Fr. Roger J. Landry
Putting into the Deep
January 8, 2015
The extraordinary Jubilee Year of Mercy began a month ago today.
It’s been embraced enthusiastically by Catholics throughout the world who are making pilgrimages to Rome or their own Cathedrals to pass through the Door of Mercy as a sign of the spiritual exodus to which Pope Francis is calling us during this special year of grace.
But in some places it has also been receiving resistance, intentional neglect, or plain disregard because of a misunderstanding of what Pope Francis and the Church mean by mercy.
Some have been misinterpreting Pope Francis’ call to mercy as a general indulgence toward sinful behavior, a wholesale amnesty toward the breaking of God’s commandments, a unilateral and universal spiritual debt forgiveness. They seem to have drawn this conclusion from widespread public perception of what some of Pope Francis’ statements and pastoral initiatives “meant.” Some have inferred, for example, that the Pope’s remarks about not judging gays who are seeking God’s will, his desire to reach out to those Catholics who are divorced and civilly remarried, and his comments about not obsessing about issues related to abortion or contraception indicate that he’s soft on sexual morality, adultery, and the killing of innocent human beings.
Such perceptions have led some faithful and Catholic priests to question whether the Year of Mercy is in fact a Trojan Horse introducing reforms that will prove contrary to the Gospel, and for that reason, they’ve been hesitant to jump on board. On the other hand, the perceptions have also led many in situations the Church has long taught sinful to think that the Year of Mercy is not about their conversion but the conversion on the part of the Church toward them and their behavior. So they’re happy to give the Church a year to reform its life and attitudes, without sensing any call to action other than grateful acceptance.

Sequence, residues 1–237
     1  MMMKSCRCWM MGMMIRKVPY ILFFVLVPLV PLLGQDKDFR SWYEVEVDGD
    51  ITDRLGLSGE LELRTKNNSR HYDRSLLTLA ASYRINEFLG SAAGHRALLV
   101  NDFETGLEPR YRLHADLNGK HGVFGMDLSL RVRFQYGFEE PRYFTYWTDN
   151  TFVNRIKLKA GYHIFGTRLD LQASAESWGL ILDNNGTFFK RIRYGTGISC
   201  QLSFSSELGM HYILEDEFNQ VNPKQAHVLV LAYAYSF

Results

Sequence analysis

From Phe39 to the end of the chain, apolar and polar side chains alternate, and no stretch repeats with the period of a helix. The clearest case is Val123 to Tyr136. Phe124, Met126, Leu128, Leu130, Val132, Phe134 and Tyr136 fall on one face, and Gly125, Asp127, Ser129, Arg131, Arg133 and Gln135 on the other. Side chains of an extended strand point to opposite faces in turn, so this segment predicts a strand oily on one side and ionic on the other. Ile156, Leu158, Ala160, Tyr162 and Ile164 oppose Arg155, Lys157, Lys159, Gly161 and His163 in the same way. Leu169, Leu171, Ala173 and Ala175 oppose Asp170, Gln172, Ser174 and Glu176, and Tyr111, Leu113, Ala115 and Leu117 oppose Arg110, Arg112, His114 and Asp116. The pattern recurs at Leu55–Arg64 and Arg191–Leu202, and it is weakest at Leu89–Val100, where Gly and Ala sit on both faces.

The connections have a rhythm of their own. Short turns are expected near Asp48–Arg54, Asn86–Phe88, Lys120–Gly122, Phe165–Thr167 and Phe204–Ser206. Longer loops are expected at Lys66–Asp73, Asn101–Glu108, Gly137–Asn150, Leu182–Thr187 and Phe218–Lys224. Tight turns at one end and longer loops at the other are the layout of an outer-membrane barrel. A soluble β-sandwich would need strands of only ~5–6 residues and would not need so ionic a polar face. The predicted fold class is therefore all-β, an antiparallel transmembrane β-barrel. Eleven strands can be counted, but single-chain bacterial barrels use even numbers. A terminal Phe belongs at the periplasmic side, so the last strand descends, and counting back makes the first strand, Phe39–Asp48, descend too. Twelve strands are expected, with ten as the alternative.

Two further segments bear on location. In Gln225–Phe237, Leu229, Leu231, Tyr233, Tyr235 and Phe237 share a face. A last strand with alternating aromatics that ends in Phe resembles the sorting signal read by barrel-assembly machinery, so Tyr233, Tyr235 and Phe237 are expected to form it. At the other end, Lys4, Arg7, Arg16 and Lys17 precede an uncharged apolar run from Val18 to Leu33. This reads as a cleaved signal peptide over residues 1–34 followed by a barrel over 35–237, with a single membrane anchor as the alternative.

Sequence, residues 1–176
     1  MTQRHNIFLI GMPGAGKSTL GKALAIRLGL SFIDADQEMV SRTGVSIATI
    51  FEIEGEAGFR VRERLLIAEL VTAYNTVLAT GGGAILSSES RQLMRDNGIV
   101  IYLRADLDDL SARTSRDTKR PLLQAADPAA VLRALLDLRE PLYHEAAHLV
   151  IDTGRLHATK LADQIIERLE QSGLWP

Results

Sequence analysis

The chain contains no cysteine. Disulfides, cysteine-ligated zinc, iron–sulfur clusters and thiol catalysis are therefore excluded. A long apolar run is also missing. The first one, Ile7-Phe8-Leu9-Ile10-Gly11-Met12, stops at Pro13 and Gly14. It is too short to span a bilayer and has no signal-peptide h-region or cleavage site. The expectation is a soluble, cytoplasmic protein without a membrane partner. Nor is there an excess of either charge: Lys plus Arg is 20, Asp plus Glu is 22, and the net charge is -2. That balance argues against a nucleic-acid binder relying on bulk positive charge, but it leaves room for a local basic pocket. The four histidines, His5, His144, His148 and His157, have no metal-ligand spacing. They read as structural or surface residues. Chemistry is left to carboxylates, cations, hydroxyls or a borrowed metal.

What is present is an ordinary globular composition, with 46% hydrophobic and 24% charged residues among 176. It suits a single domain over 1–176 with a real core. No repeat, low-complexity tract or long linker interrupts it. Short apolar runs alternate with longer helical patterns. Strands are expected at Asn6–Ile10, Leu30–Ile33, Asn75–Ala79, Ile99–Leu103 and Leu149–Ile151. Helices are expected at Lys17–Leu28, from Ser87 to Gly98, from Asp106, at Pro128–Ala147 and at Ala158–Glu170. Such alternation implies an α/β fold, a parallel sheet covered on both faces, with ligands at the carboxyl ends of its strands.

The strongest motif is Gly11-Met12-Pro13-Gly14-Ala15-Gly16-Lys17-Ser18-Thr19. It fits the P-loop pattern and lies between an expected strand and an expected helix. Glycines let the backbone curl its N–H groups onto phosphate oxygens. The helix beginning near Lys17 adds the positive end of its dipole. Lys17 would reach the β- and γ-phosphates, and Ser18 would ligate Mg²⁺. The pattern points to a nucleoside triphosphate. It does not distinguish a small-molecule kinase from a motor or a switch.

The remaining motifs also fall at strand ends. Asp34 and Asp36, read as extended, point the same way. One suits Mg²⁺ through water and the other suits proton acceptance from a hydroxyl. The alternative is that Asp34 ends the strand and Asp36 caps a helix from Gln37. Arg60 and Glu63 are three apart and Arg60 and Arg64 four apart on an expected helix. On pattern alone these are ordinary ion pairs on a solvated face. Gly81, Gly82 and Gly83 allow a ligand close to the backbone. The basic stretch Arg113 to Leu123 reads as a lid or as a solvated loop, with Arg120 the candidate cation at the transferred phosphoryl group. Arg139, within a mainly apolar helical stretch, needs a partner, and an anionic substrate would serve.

Let’s address these distortions.
For Pope Francis, to speak about mercy is to focus first on God and his loving compassion for all his sons and daughters. But it also involves recognizing that we’re all prodigals desperate for the forgiveness won for us on Calvary. Our need for conversion is the flip side of God’s clemency.
That need for mercy is a point that Pope Francis has made repeatedly in homilies in which he has contrasted “sinners” with the “corrupt.” “The problem is not sinning,” he said in one homily about St. Peter’s recognition of his own sinfulness, “but not repenting of the sin, not feeling ashamed of what we have done. That is the problem.” The corrupt don’t feel shame for their sins and don’t repent.
On another occasion, speaking about the Parable of the Tenant Farmers, he said that the corrupt are “sinners like us but who have gone a step further,” becoming “solidified in sin such that they don’t feel the need for God.”
In a Mass with Italian Parliamentarians, he stressed, “We are all sinners,” but the corrupt are “more than sinners.” They allow their hearts to become “so hardened that it is impossible to hear the voice of the Lord. And they slide from sinfulness into corruption,” ending up people of “good manners but evil habits.”